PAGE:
Ignatius of Loyola (1491- 1556) was a Spanish knight from a Basque noble family, hermit, priest since 1537, and theologian, who founded the Society of Jesus (Jesuits) and was its first Superior General. Ignatius emerged as a religious leader during the Counter-Reformation, and his devotion to the Catholic Church was characterized by unquestioning obedience to the Catholic Church's authority and hierarchy. After being seriously wounded at the Battle of Pamplona in 1521, he underwent a spiritual conversion while in recovery. De Vita Christi by Ludolph of Saxony inspired Loyola to abandon his previous military life and devote himself to labour for God, following the example of spiritual leaders such as Francis of Assisi. He experienced a vision of the Virgin Mary and the infant Jesus while at the shrine of Our Lady of Montserrat in March 1522. Thereafter he went to Manresa, where he began praying for seven hours a day, often in a nearby cave, while formulating the fundamentals of the Spiritual Exercises. In September 1523, Loyola reached the Holy Land to settle there, but was sent back to Europe by the Franciscans. Between 1524 and 1537, Ignatius studied theology and Latin in Spain and then in Paris. In 1534, he arrived in the latter city during a period of anti-Protestant turmoil which forced John Calvin to flee France. Ignatius and a few followers bound themselves by vows of poverty, chastity, and obedience. In 1539, they formed the Society of Jesus, approved in 1540 by Pope Paul III, as well as his Spiritual Exercises approved in 1548. Loyola also composed the Constitutions of the Society. He died in July 1556, was beatified by Pope Paul V in 1609, canonized by Pope Gregory XV in 1622, and declared patron of all spiritual retreats by Pope Pius XI in 1922. The Spiritual Exercises of St. Ignatius of Loyola, written from 1522-1524, are a brief set of Christian meditations, prayers and mental exercises, divided in four thematic 'weeks' of variable length, designed to be carried out over a period of 28 to 30 days. They were composed with the intention of helping the retreatant to discern Jesus in his life, leading then to a personal commitment to follow it. Though the underlying spiritual outlook is Catholic, the exercises are often made nowadays by non-Catholics. The 'Spiritual Exercises' booklet was formally approved in 1548 by Paul III.

American Indian Myths and Legends (The Pantheon Fairy Tale and Folklore Library)

This magnificent collection gathers 160 tales from 80 tribal gathers to offer a rich and lively panorama of the Native American mythic heritage. From all across the continent come tales of creation and love, of heroes and war, of animals, tricksters, and the end of the world. Alfonso Ortiz, an eminent anthropologist, and Richard Erdoes, an artist and master storyteller, Indian voices in the best folkloric sources of the nineteenth century to make this the most comprehensive and authentic volume of American Indian myths available anywhere.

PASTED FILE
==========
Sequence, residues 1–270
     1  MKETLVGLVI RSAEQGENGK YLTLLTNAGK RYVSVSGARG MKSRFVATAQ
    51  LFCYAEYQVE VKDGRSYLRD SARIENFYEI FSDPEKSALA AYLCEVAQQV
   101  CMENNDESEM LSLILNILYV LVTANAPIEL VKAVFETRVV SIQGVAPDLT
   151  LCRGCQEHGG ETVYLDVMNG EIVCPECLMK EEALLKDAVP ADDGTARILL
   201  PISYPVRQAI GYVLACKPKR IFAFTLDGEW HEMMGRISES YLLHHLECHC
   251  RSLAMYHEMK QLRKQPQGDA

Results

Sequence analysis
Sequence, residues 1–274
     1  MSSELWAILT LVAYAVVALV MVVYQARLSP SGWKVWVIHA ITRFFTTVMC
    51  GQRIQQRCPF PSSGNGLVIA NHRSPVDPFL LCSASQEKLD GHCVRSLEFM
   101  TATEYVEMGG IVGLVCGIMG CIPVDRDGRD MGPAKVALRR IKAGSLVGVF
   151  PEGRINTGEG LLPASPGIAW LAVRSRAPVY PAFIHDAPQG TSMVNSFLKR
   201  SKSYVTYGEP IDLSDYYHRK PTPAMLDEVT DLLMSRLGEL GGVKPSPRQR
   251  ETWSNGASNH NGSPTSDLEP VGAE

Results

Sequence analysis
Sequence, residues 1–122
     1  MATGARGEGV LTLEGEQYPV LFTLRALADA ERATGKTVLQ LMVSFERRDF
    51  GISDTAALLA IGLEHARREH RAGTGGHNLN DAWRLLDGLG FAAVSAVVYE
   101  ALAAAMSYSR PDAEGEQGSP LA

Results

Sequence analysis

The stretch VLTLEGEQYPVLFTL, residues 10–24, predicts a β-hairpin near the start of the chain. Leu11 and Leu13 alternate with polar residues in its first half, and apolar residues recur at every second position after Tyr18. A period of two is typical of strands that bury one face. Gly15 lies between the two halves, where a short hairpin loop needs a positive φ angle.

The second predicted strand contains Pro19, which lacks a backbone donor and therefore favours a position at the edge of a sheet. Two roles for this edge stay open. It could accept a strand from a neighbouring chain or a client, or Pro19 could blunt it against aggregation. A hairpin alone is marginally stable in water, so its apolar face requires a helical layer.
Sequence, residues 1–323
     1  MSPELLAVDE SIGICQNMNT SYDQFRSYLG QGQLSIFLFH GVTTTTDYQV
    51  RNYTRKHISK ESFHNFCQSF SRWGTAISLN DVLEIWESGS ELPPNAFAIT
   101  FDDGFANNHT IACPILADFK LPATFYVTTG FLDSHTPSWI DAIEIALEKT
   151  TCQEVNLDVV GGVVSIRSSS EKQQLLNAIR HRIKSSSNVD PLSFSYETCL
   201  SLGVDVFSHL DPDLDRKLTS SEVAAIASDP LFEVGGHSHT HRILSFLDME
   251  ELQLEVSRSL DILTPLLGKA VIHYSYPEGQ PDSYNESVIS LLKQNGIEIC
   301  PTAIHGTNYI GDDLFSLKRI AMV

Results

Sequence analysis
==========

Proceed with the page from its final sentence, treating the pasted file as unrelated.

What the hell are we fighting for? Ah, just surrender and it won't hurt at all. You just got time to say your prayers. Yeah, while you're waiting for the hammer to fall. (Brian May of Queen)

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Post by Fan » 08-06-2015 12:53 PM

wow got some great ones going there kbot!
The heartbreaking necessity of lying about reality and the heartbreaking impossibility of lying about it.

― Kurt Vonnegut, Cat's Cradle

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Post by Bobbi Snow » 08-06-2015 07:14 PM

I just finished:

UNDER THE BELL CURVE
Random Essays from a MENSA Member - Teresa Fisher
(Available on Amazon.com)

While this won't ever be considered a great novel, it happens to be a combination of wry humor and the art of self-discovery. It's about travel, personal, and amusing experiences shared with someone else or just by herself.

I have known this woman for fifteen years, and just when I thought I'd heard every weird story of her life, she surprised me by publishing this book with yet unmentioned excerpts from her wickedly funny life.

It's not a difficult read. It's simply entertaining. Her late husband must be very proud of her... And I can hear Bill calling out, "But... but you still didn't tell them about ---!" He should know that soon she will. He needs to just have some patience."
ImageIf you're still breathing, it's not too late!

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Post by kbot » 08-07-2015 03:37 AM

Fan wrote: wow got some great ones going there kbot!


:D My wife tells me I'm weird with my reading choices..........
What the hell are we fighting for? Ah, just surrender and it won't hurt at all. You just got time to say your prayers. Yeah, while you're waiting for the hammer to fall. (Brian May of Queen)